As revenue at Chinese big tech companies seemingly slows down, the unique selling point for their stocks is no longer valid. A lot has changed since the glory days of 2019 when all Chinese tech firms, no matter their size, talked about an IPO in the U.S. or Hong Kong.
There were also changes in the macro-environment since 2019, initially, it started with Beijing’s crackdown on big tech in late 2020, delisting risk for Chinese companies in the U.S., and now poor consumer sentiment amid the renewal of the Pandemic in China.
All of these factors seem to have created a perfect storm for Chinese tech stocks contributing to the Hong Kong tech stock index, down almost 70% from all-time high just three weeks back on March 15.
Apparently, the tech companies in China are now on a downsizing spree and coupled with the slumping housing market and geopolitical tensions, problems for the Chinese economy could just be starting. China might need to look to new partners to kick start its economy.
Big companies performance
Earlier Reuters reported that Alibaba (NYSE: BABA) and Tencent (TCEHY) were preparing to cut thousands of jobs combined. Alibaba could cut 15% of its total workforce which would translate to 39,000 workers.
The performance of large Chinese tech stocks in 2022 was disappointing, to say the least with $460 billion in outflows as of March. Incidentally, the tech sector in the U.S. has also had its ups and downs, however, less risk is seen in the U.S. than in Chinese tech stocks at the moment.
How did BABA fare?
Alibaba’s stock now trades close in a descending channel, below the 20-50-200 day Simple Moving Averages. If the layoffs and lockdowns continue the stock could see some more pain before it actually gets better.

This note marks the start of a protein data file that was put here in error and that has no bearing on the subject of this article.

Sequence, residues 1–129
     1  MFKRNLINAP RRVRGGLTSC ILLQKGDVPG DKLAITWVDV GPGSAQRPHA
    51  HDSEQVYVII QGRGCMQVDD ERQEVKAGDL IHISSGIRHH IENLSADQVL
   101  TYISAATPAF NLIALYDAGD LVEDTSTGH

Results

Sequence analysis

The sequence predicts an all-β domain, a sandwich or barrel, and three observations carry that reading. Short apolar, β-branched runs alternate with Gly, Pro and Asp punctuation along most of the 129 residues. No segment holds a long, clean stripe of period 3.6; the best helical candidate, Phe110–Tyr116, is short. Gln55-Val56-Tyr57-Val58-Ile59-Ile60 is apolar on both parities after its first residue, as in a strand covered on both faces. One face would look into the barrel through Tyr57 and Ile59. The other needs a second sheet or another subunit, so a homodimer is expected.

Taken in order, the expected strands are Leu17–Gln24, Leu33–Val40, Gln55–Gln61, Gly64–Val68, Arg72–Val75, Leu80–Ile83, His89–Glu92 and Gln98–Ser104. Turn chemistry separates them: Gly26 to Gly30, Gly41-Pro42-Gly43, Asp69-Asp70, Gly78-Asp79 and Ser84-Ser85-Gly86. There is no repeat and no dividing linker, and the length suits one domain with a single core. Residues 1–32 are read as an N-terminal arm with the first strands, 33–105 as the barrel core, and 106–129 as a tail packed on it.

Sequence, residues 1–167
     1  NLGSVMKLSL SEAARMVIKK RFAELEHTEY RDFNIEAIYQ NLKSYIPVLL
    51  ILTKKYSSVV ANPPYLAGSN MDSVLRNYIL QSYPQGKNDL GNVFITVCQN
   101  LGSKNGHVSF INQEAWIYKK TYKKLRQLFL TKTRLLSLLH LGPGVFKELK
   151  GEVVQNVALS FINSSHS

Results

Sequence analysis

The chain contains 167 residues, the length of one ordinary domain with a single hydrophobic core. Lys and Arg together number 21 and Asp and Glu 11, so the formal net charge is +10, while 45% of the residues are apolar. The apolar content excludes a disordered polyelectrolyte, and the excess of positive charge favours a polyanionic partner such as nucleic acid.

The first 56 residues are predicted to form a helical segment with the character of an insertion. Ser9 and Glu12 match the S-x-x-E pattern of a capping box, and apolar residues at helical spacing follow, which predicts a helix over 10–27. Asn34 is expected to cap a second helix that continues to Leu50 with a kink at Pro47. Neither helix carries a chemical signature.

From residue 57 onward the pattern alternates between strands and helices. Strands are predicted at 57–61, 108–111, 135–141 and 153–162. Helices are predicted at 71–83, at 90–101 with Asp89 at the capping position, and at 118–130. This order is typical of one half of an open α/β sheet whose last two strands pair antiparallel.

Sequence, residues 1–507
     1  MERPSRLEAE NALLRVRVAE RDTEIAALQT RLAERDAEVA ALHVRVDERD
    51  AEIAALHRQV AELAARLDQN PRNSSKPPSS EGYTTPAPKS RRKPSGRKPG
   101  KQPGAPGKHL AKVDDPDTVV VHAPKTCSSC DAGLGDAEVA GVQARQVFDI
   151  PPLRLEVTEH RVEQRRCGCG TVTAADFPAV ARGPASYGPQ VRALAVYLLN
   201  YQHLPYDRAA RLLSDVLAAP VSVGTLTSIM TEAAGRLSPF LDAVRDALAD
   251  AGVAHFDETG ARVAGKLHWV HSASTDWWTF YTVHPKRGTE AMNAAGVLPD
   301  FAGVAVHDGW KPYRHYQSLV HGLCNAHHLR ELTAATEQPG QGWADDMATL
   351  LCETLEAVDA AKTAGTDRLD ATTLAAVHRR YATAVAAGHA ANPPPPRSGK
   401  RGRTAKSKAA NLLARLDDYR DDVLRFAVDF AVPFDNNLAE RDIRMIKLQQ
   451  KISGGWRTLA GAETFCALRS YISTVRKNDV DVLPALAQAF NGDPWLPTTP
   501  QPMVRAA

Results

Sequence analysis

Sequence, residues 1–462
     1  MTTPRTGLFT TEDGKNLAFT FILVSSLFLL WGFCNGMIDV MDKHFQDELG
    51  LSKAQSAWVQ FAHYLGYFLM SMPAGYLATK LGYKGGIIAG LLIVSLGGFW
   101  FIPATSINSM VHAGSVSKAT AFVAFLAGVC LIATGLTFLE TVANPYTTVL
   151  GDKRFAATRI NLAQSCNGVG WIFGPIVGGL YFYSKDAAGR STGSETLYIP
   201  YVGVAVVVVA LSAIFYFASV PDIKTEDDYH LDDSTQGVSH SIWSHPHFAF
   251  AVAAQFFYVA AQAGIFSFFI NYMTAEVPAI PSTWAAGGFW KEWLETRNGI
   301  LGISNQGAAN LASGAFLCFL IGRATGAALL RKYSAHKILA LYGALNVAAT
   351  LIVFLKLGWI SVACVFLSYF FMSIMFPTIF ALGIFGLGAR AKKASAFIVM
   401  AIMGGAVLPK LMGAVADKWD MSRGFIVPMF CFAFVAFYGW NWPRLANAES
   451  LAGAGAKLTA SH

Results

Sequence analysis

Last month we reported on BABA it was down 70% from its peak, subjected to regulatory pressures from both the United States and China, and as a result, significant investors have tended to shun such equities, resulting in decreases.
DIDI performance year-to-date
DiDi Global (NYSE: DIDI) stock lost 60% of its value in 2022, it wasn’t helpful that the company decided to shelf its announced initial public offering (IPO). The stock is trading in a continuous descending channel below all of the SMAs.
BIDU holding it together
Shares of Baidu (NASDAQ: BIDU) from their highs in July 2021 lost ‘only’ 35% until April 8th, 2022. Like the other Chinese tech stocks, BIDU is also trading below all SMAs with possible pain ahead if the Chinese economy takes further hits.
Where does this leave us?
Geopolitical tensions are creating a challenging investing environment globally. Rising Covid cases in China and new lockdowns will definitely not be helpful for worn-down tech stocks. There are no signs that regulatory pressure at home will decrease any time soon for the tech sector in China.
Investors will be well advised to keep an eye on the global situation and development relating to Covid cases in regard to Chinese tech companies.
Currently, risk for investment in Chinese tech giants seems to be too great, standing on the sidelines and tracking developments could be the best way to play for now.
Disclaimer: The content on this site should not be considered investment advice. Investing is speculative. When investing, your capital is at risk.